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Heroic Anxiety in the Age of Social Media

REVIEW ESSAY
The New Female Antihero:
The Disruptive Women of Twenty-First-Century US Television
by Sarah Hagelin and Gillian Silverman
University of Chicago Press, 2022, 288 pages

There is a strange feedback loop between our institutions and the internet: the internet spreads mental illness like a plague and our institutions codify the latest psychosis. In pop culture, this dynamic created critical barista theory, in which the language of high criticism is used to articulate pop culture preferences. Critical barista theory emerged from left-wing internet spaces like Tumblr, where millennials used the university’s language of critique to pretend that their personal interests and pathologies were actually the march of the Weltgeist. What started in the spirit of irony mutated as it was pumped back into cultural institutions. Now, there is a strange insistence that the most ephemeral products of the culture industry must be treated as sophisticated chal­lenges to an oppressive past. Publications once staffed by serious people now produce articles about how increasingly inane pop culture really offers a transgressive critique of the cisheteropatriarchy.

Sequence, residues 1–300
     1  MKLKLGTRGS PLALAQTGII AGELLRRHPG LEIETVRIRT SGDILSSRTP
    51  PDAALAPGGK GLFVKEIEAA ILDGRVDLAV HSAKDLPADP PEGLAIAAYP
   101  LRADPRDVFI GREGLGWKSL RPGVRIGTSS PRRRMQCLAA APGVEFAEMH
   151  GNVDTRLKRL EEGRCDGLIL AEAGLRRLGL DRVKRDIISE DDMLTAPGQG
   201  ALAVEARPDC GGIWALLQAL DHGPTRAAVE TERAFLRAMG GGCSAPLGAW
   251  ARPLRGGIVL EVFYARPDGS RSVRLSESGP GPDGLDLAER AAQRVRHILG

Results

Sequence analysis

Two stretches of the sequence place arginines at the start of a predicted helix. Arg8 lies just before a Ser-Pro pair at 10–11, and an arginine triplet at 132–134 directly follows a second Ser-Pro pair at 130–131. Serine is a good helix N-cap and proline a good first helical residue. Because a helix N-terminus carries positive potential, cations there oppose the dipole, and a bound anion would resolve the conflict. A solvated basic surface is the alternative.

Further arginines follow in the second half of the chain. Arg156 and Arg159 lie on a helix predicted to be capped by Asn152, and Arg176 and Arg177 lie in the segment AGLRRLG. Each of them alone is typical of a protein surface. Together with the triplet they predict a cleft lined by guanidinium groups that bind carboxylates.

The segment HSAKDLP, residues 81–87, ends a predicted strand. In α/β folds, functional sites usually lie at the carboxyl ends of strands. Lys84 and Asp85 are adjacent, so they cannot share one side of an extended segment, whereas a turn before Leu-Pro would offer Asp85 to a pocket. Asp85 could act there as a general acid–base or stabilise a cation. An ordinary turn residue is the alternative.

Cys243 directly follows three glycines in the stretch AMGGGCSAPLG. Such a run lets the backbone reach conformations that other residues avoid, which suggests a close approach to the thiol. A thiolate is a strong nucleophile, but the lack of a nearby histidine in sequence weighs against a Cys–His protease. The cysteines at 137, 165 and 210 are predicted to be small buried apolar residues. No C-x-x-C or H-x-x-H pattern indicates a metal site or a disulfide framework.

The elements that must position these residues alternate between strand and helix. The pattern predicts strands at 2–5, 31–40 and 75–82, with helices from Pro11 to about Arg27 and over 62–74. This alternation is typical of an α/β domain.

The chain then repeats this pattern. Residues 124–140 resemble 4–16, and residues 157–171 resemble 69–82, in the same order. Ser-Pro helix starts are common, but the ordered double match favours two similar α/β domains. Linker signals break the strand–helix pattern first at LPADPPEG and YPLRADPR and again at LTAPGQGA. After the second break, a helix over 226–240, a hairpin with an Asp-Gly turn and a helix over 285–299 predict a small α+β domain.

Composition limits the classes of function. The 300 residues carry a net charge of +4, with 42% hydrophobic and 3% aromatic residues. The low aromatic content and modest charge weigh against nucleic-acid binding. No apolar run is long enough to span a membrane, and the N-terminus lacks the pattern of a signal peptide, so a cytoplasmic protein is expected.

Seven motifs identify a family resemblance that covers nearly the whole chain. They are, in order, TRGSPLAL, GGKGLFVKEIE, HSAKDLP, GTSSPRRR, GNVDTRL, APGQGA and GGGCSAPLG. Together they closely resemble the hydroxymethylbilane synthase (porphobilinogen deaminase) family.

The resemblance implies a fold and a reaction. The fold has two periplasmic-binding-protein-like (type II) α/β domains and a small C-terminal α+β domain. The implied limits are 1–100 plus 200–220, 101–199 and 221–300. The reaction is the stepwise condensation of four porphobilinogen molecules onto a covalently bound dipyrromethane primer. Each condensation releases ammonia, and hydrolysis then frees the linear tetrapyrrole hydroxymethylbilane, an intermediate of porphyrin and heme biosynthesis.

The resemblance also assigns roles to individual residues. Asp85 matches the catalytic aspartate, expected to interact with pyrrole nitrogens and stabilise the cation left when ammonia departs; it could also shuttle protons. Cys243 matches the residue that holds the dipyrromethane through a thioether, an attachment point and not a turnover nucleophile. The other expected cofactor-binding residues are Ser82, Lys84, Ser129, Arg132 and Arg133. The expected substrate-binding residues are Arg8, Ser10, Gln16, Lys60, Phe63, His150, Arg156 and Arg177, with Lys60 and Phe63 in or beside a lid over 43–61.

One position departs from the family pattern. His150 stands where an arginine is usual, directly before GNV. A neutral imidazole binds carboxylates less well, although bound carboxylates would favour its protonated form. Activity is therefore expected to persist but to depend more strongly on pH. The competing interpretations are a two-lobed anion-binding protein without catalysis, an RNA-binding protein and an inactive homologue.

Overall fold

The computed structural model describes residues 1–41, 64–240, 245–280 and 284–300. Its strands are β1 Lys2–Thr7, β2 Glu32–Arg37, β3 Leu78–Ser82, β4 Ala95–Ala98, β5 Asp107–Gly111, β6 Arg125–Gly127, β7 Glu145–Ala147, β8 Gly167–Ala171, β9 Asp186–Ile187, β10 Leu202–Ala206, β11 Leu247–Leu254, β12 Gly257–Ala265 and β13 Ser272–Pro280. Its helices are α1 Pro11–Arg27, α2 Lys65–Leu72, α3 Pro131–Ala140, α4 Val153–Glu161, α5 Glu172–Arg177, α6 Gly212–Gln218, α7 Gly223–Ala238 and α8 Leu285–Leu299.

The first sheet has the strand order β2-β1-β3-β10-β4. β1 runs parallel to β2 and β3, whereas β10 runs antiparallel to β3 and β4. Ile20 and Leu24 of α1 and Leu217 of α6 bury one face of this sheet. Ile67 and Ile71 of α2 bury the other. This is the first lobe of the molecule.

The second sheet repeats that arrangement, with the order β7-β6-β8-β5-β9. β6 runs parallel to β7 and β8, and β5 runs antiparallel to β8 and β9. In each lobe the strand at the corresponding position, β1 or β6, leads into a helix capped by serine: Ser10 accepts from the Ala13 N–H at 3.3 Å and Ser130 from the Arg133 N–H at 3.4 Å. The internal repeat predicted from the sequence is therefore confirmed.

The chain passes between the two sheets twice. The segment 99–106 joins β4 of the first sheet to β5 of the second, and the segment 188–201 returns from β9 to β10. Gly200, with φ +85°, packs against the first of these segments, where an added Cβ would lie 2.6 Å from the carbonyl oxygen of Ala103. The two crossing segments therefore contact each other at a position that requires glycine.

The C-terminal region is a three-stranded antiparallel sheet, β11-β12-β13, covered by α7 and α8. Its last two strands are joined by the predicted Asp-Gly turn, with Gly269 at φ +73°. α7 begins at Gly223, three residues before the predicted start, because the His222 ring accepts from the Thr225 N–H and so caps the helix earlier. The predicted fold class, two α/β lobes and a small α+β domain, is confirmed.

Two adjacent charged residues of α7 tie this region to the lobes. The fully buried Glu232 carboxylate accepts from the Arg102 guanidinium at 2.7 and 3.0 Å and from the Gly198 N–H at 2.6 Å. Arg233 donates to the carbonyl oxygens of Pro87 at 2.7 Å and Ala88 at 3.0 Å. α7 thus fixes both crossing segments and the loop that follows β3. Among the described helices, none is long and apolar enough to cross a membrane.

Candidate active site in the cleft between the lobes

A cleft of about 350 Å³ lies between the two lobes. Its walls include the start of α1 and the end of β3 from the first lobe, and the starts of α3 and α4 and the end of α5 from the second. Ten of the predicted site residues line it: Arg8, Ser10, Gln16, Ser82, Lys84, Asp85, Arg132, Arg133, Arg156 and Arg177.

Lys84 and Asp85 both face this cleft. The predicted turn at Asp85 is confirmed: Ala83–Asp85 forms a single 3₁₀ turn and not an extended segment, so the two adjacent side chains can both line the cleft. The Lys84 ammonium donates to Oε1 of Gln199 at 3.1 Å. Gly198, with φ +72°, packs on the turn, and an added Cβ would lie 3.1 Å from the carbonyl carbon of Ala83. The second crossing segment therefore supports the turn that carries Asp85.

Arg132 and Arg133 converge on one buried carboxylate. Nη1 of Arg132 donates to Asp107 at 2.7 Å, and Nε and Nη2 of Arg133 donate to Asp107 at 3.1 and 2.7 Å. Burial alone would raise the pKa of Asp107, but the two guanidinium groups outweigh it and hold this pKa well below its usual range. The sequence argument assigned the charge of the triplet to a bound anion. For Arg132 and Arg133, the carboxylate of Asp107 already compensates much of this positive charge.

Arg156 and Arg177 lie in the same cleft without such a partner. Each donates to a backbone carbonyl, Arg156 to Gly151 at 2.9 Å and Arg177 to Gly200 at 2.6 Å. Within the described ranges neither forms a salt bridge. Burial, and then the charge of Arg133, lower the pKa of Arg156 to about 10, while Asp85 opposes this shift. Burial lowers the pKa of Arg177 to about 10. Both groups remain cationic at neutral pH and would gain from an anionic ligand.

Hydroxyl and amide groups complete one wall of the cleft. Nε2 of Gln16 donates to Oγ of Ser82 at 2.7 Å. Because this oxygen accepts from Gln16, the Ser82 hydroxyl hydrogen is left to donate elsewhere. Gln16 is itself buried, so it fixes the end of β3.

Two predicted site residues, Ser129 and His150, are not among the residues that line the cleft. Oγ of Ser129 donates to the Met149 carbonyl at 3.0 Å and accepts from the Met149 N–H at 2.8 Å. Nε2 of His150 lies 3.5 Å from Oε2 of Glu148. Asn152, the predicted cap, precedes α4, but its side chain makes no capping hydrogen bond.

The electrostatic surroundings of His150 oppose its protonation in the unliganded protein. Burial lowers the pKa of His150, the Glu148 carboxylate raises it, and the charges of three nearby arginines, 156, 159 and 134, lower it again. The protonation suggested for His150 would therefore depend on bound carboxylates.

Though many seem to earnestly believe in the praxis of such critiques, there is still a superficial spirit of irony involved, and the absurdity is often the point. It’s fun to make outrageous assertions, and it’s fun to defend them against the inevitable conservative backlash. The increasingly perfunctory conservative response to all this is crucial. It provides coherence to a value system based on negating an imagined past. This dynamic makes it difficult to directly state the central criticism of a book like The New Female Antihero: namely, that it is silly.